The suppliers you use are an essential part of your production or restocking equation. It pays to keep track of their performance, and to make adjustments when needed. If your orders are not on time, or often arrive incomplete, then it is your business that ultimately suffers. Many vendors will offer solutions to cater to your specific needs if asked. In this regard, as the old saying goes: the squeaky wheel gets the grease.
Make use of mobile technology
Mobile technology has provided a whole new level of flexibility to inventory management in recent years. As the technology and management platforms have advanced, more and more intuitive control is enabled. Again, the use of a SaaS platform is usually best. Mobile devices can help both cut down on human error and labor, as well as ensure that inventory data is accurate. For a complete solution, look for software that links and syncs to all of your business management solutions.
Use a perpetual inventory management system with lean inventory practices
Lean inventory management techniques ultimately enable you to reduce the waste involved with using, storing and holding inventory. It is a set of principles or systems that help diminish the negative effects of aging, spoilage, over or under-stocking, inefficient transport management, and untimely ordering, to name a few. As there are a variety of techniques available, it‘s helpful to research which lean practices will most help your business.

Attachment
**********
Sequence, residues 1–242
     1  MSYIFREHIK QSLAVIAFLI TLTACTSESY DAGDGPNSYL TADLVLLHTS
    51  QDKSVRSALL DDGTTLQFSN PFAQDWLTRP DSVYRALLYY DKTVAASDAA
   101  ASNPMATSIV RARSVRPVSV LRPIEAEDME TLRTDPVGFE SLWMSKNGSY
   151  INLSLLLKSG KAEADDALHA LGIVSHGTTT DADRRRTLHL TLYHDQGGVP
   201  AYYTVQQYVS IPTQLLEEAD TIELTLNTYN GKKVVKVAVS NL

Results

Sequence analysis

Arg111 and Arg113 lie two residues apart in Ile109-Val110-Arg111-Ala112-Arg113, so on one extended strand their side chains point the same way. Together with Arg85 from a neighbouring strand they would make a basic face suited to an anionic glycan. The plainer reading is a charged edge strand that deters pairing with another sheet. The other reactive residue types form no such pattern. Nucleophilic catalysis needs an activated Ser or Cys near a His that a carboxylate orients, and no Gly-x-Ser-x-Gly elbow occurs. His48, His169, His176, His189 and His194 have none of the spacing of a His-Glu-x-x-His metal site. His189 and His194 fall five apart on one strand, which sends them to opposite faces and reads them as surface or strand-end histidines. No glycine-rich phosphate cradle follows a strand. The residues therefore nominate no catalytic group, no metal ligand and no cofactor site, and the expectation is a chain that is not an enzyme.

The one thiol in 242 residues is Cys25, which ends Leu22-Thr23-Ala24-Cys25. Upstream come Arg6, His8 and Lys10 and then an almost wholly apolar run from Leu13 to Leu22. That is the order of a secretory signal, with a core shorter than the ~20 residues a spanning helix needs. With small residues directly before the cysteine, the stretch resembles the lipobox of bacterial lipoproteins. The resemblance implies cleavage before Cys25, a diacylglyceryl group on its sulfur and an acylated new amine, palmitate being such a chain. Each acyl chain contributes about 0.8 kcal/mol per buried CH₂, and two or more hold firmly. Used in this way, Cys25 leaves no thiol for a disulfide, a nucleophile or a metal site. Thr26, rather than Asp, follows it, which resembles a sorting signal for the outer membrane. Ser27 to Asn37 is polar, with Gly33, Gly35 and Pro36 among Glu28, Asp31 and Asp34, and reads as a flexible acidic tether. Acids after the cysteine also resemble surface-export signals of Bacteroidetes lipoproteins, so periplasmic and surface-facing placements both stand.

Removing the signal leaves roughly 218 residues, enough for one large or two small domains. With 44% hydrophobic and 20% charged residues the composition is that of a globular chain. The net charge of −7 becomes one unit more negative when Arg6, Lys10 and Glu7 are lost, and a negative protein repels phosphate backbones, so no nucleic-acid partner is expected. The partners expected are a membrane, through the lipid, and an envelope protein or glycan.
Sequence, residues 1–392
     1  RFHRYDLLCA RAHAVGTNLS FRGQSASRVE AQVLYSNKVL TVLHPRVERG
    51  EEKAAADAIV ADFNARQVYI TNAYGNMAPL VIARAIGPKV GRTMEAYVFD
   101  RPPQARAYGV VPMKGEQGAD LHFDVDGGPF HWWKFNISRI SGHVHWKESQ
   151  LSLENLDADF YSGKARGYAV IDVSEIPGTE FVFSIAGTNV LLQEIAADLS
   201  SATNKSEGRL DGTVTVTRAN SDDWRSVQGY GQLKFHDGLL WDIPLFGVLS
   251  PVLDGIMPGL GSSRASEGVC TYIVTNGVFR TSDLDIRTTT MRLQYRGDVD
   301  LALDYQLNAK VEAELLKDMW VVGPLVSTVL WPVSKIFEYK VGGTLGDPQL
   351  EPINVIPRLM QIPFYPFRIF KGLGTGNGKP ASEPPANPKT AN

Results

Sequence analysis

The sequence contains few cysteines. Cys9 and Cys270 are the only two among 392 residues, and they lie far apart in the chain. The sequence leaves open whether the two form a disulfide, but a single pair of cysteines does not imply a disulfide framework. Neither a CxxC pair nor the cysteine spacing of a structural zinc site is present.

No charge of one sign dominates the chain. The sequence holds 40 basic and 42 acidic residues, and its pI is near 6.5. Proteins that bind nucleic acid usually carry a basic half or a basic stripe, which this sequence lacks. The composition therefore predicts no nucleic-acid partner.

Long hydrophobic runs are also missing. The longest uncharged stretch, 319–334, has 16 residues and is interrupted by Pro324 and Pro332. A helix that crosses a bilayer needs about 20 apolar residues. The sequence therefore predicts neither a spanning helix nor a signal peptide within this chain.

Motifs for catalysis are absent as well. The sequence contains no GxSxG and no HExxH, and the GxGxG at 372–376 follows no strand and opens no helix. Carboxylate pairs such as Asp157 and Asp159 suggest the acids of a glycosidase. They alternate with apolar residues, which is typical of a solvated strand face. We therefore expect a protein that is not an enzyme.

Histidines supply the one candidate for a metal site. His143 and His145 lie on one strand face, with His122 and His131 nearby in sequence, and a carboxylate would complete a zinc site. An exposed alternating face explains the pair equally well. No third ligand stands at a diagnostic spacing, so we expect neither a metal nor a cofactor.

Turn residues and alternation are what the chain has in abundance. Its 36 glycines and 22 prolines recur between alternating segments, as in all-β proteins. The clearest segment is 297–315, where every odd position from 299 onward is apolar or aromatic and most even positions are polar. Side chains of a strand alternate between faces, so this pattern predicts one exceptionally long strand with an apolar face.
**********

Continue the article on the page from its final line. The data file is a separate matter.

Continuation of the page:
Because it is an area that can yield fantastic rewards when done well, some companies hire a specialized contractor to assess their inventory operations and instigate lean techniques that best suit that business. Smaller businesses can make use of the tools available by utilizing management platforms that offer ongoing support with best practice solutions. In most cases, the use of a perpetual inventory system will offer the best features for lean inventory management.
On that note, perpetual inventory management systems are becoming better, more accessible and more user-friendly. They make the job of tracking your inventory, even across multiple locations, easy and efficient. Making use of one goes a long way towards providing an overall solution to all your inventory management needs.
Utilize slotting and warehouse management
There’s a wealth of information available on how to best set up and manage your warehouses. One area that is commonly emphasized is layout and product slotting. Placing your most popular products or items closer to hand will save you time and minimize the chance of stock-outs. Some businesses make sure items that are often used, sold or shipped together are next to each other when stored. If you’re a new business, take the time to set up your warehouse space in a way that makes sense for what your business does. The time spent at the start will make all the difference later. Ease and efficiency of operations yields huge rewards for all businesses large or small.
Topics: customer demand, mobile technology, perpetual inventory, SaaS, supplier management